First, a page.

Monday, February 25, 2013

Picture book sampler

At the SCBWI Ireland meet-up on February 2nd with guest speaker, illustrator/author, Alan Corbett, we talked about picture books, graphic novels, and the many mediums and techniques that people use to develop their artwork and tell a story. I handed around a selection of picture books for the group to view and discuss. I promised to provide a list of the books I had shared, so here they are.

These are just a few samples. There are so many more!

Pets go Pop! by Bob Staake – fun and colourful pop-up book that literally jumps off the page.


Ghost of Shandon by Alan Corbett – at last, a graphic novel that’s really for kids! Beautiful autumn palette and a historical adventure with some real characters from 18th-century Cork.


Spells by Emily Gravett – I absolutely adored the illustrations in this book about a frog who wants to be a prince. There’s a brilliant section in the middle of the book where you can flip the top or bottom half of the page to see a transforming image.



The Gruffalo by Julia Donaldson and Axel Scheffler – a classic that has been turned into an animated film and a live theatre production.



Knuffle Bunny by Mo Willems – a clever blend of photographs of New York City and Mo Willems’ illustrations and a cute story. A Caldecott Honor book.



The Night Pirates by Peter Harris and Deborah Allwright – A fun story with great illustrations. The thing I particularly liked about this book was the way the text and font was incorporated right into the illustrations and became part of the book and not just the bit you had to read.



What to Do When You Worry Too Much: A Kid’s Guide to Overcoming Anxiety by Dawn Huebner and Bonnie Matthews – a non-fiction, self-help activity book for children with black and white illustrations throughout.



Tuesday by David Wiesner – winner of the Caldecott Medal and one of my absolute favourite picture books! There’s only about four pages with any text, the rest is all in the images. So much is left to the reader to interpret. It’s great fun, slightly mad, and definitely unique.



Mister Got to Go: The Cat that Wouldn’t Leave by Lois Simmie and Cynthia Nugent – this is a true cat tale from Vancouver about a stray who wandered into the Sylvia Hotel and decided to stay. I love it because of the humour and great pictures, and friends of mine used to go to that hotel pub regularly.



Beware of the Storybook Wolves by Lauren Child – I like how she puts photos of patterns into her illustrations. This is a brilliant story that mucks around with a few familiar fairy tales but really has a lot of fun, so you just don’t know what’s going to happen next.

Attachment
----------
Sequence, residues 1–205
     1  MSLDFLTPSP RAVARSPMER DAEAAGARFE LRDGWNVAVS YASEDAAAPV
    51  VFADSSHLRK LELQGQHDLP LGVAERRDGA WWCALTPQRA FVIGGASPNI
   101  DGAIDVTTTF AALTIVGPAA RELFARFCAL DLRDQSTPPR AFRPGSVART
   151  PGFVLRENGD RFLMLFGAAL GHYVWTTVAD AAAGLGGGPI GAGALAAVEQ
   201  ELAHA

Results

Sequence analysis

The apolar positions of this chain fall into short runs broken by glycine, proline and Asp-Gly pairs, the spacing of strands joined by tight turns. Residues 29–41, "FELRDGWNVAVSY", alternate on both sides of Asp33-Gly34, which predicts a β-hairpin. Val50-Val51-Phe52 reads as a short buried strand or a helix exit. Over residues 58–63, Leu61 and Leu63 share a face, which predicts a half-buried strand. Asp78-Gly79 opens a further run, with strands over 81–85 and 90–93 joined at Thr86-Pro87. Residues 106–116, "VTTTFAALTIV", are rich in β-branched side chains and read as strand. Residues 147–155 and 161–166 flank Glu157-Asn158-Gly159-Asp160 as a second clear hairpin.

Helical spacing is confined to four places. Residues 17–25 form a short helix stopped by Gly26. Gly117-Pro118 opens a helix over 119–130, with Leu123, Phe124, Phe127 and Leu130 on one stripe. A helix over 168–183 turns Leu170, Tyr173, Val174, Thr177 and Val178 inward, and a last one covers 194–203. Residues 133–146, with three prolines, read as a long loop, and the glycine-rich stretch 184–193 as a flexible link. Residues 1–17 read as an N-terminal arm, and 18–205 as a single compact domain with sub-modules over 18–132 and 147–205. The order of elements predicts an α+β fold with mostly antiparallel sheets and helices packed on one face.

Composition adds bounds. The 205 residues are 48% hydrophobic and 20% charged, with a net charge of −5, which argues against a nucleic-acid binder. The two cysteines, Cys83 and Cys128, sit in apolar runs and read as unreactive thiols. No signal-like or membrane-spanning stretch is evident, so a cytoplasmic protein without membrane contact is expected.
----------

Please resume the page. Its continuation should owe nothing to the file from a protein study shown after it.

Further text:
The Wolves in the Walls by Neil Gaiman and Dave McKean - for the life of me, I can’t find this one, but I know I had it in my collection. I had to include it here because it’s a book that is a hybrid of picture book and graphic novel for younger kids. Great stuff, a bit darker and scarier, not for the wee tots.



What are your favourite illustrated books for children and why?

To read about the SCBWI Ireland meet-up with Alan Corbett, click here.

6 comments:

Candy Gourlay said...

You've got one of my all time favourites on this list ... Knuffle Bunny.Lovely for the child and lovely for the parent and a wonderful surprise at the end! Thanks for the great list ... my TBR runneth over.

A. Colleen Jones said...

That was a gift from a friend in Winnipeg because she knew I was writing for kids. I hadn't even heard of Mo Willems at that point. It was fun going through all these last night and seeing what was great about each one. So glad you enjoyed the list. Ceej :)

Catherine said...

Was really interested to see what picture books you discussed. I need to add Emily Gravett to my reading list, so many people rave about her books and I like the look of the Lauren Child book too. Must have been a really interesting session. Thanks for sharing :)

A. Colleen Jones said...

Yes, I loved Emily Gravett's book. Apparently, she was in the art program at the same time as Alan Corbett. It was a great session, sorry you couldn't be there with us!

Bridget Strevens-Marzo said...

Great to see Bob Staake and Wiesner here too. Endless source of fascination to me how different countries still focus on such different "star" picture book makers - though you've covered both sides of the pond!

My favourite all-time picture book is- Goodnight Moon by Margaret Wise Brown. To me it's the ultimate bedtime book for young children - not a story but a litany with a lovely rhythm, though the illustrations really invite children 'in' so they can imagine sub-stories of their own - more complex than it seems at first glance.
I also love William Steig's The Amazing Bone, Caleb & Kate and Sylvester - I found these US classics in France - but you rarely hear about Steig in the UK even though he wrote and illustrated the original Shrek (looks nothing like the film by the way!).

A. Colleen Jones said...

Ooh, yes, Goodnight Moon is lovely. I wasn't particularly looking for top 100 books, I just pulled what I had off my own shelf to take to the meet-up. Some were gifts, and others I acquired for a course and for my own pleasure. There's soooo many good books out there. Latest one I bought for my niece is Slow Loris by Alexis Deacon. Love his illustrations and cool stories.I have not heard of William Steig and didn't know there was an original Shrek. Awesome! I will have to look that up. Thanks Bridget.

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